The most famous of the Greek islands is still well worth a visit. During the day you may fight crowds of tourists walking around Oia or Fira but splurge on a cliffside hostel to get an unobstructed view of the famous sunsets. It’s worth spending a bit more time here as the strange volcanic formation of the island can make getting around a bit more time consuming than the other islands.
The largest of the Greek islands, it’s worth spending extra time here to be able to visit a few of the different cities and beaches. Heraklion is where most tourists begin, and is the biggest city on the island. Less quaint than its’ counterparts in Chania and Rethymno, Heraklion has some cool areas and excellent Tavernas. The archaeological museum and the museum of Crete are both worth a visit.
To the west, Rethymno is a beautiful walled city with a lovely market.
Head further west you’ll hit Chania, the second biggest city on the island with a Venetian port and great indoor market. Chania has some of the best restaurants on the island and many long beaches just west of the city centre. Also worth a visit is the island’s only remaining synagogue nestled in the old Jewish quarter.
Begin to head south, and you’ll hit the Samaria Gorge where you can do a day hike, and drive to the south coast of the island for the best beaches on the island.
Check out our other Europe backpacking routes!
Greece Backpacking Tips
Budget Accommodation in Greece
Most travellers in Europe book accommodation in advance of their arrival and that is advisable here, particularly during the busy summer months when hostels frequently sell out. Airbnb provides a nice alternative to hostels for those looking for a more local vibe. Hostels or budget hotels are also available in most of the locations listed. Another option for backpackers is to look into campsites. Even if you don’t bring camping gear, many campgrounds are located close to tourist attractions and have budget cabins you can rent.
Visiting Greece – Visa Requirements
If you’re from the EU, you can come and stay for as long as you like visa-free.
For those outside of the EU, Greece is a member of the Schengen area of Europe which has a shared visa policy. Find out if you need a visa to enter it here. If you don’t, you can stay and move around in Greece or any of the member states providing you don’t spend more than 90 days in the region within any 180 day period.
When to visit
Greece is most popular with visitors during the summer months, but that doesn’t mean it’s the best time to visit. July and August can leave the smaller islands feeling packed (though I’ve never had an issue finding an islet to myself, it can feel overwhelming in the towns). The weather is warm in almost all of Greece from May till the end of September, sometimes even later. Therefore perhaps late Spring, June or early Autumn are the best times to visit. However, you may want to fit in one or two festivals while you are there, so it’s worth knowing when the main celebrations take place.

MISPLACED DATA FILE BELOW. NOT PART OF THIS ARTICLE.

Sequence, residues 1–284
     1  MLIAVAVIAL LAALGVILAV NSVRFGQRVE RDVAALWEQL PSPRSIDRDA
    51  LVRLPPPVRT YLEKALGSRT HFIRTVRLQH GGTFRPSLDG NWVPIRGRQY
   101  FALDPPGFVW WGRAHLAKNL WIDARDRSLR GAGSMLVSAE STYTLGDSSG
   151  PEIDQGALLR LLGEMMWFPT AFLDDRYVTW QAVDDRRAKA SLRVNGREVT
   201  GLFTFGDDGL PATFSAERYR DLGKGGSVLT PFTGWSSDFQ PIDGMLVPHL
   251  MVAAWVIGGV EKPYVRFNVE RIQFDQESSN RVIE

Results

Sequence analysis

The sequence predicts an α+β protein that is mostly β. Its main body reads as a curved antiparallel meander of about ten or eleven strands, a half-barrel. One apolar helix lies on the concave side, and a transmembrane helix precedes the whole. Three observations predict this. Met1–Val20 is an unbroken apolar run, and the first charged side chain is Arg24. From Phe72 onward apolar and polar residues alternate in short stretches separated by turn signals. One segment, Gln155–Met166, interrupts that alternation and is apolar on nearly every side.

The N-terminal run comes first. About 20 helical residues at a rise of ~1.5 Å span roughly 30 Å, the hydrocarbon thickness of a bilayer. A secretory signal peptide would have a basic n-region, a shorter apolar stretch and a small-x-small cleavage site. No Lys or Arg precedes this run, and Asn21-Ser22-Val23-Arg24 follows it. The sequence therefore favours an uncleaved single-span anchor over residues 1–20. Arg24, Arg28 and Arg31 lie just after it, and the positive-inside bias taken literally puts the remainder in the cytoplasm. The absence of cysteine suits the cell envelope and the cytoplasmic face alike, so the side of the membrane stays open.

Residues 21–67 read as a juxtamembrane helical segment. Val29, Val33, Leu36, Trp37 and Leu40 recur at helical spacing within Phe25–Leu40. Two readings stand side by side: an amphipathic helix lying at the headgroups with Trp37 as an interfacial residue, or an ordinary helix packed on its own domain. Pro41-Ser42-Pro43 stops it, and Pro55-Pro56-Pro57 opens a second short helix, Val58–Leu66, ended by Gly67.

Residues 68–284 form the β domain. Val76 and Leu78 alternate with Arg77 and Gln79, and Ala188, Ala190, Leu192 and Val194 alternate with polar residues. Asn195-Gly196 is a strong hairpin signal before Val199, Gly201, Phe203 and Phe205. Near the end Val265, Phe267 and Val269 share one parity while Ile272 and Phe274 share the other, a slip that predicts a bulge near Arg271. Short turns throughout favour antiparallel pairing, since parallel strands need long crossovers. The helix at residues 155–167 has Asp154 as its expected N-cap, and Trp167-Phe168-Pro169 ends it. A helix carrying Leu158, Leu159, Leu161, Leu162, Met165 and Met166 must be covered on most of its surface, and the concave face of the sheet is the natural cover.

Apokreas (January/February) – A celebration of food and drink before the pre-easter fast. Many restaurants and Tavernas will have special menus for Apokreas, and if you’re staying at a guest house or Couchsurfing there’s a good chance your host will invite you to dine with their family and friends!
Easter Week (April) – Spending Easter in Greece can open you up to a holistic cultural experience. Visit churches to see the special Easter decorations, and visit a homestyle Greek Taverna to sample some of the traditional Easter foods. In many cities, there will be parties all week and an Easter parade.
Hellenic Festival (June – August) – One of the highlights of my visits to Greece, watch both ancient and modern Greek theatre in ancient theatres around Athens and Nafplio.
Moon festival (August) – Full moon party in Athens.
Thessaloniki International Film Festival (November) – A good selection of Greek and international films to while away the colder days.
Getting Around Greece & Island Hopping
Trains: While the trains are officially re-opened in Greece, they are often slower and less reliable than the bus. The Corinth-Athens train line and the Thessaloniki-Athens train line have daily trains departing in both directions. The best way to get the most recent schedule is to go to the station and ask. Tickets can be bought in advance or the day off for the same price.
Busses: Bus service is reasonably consistent across the country, but can be a bit expensive and limited in certain areas. Tickets can be bought the day of or in advance from the station.
Car: The best way to get around is by renting a car. Rentals can be picked up at Athens airport or various places around the country.
Ferry: Ferries to the islands are usually quick and reliable, and you have the option to drive or walk on. Ferries.gr has up to date schedules and links to purchase tickets. The faster ferries have airplane seating and limited amenities but will save a couple hours off of your trip. I prefer to take the slower ferries where you can walk around the deck, enjoy bars and cafes, and have the option to book a cabin for longer journeys.
Kayla Kurin is a writer, yogi, and constant traveller. From Canada, she’s travelled, lived, and worked in over 40 countries. Kayla will attempt to swim in any body of water she sees and has never met a 1 euro bottle of wine she didn’t like. Read about her adventures at Aroga Yoga or follow her on Twitter and Instagram @kaylakurin.
This post on backpacking Greece was published in July 2019.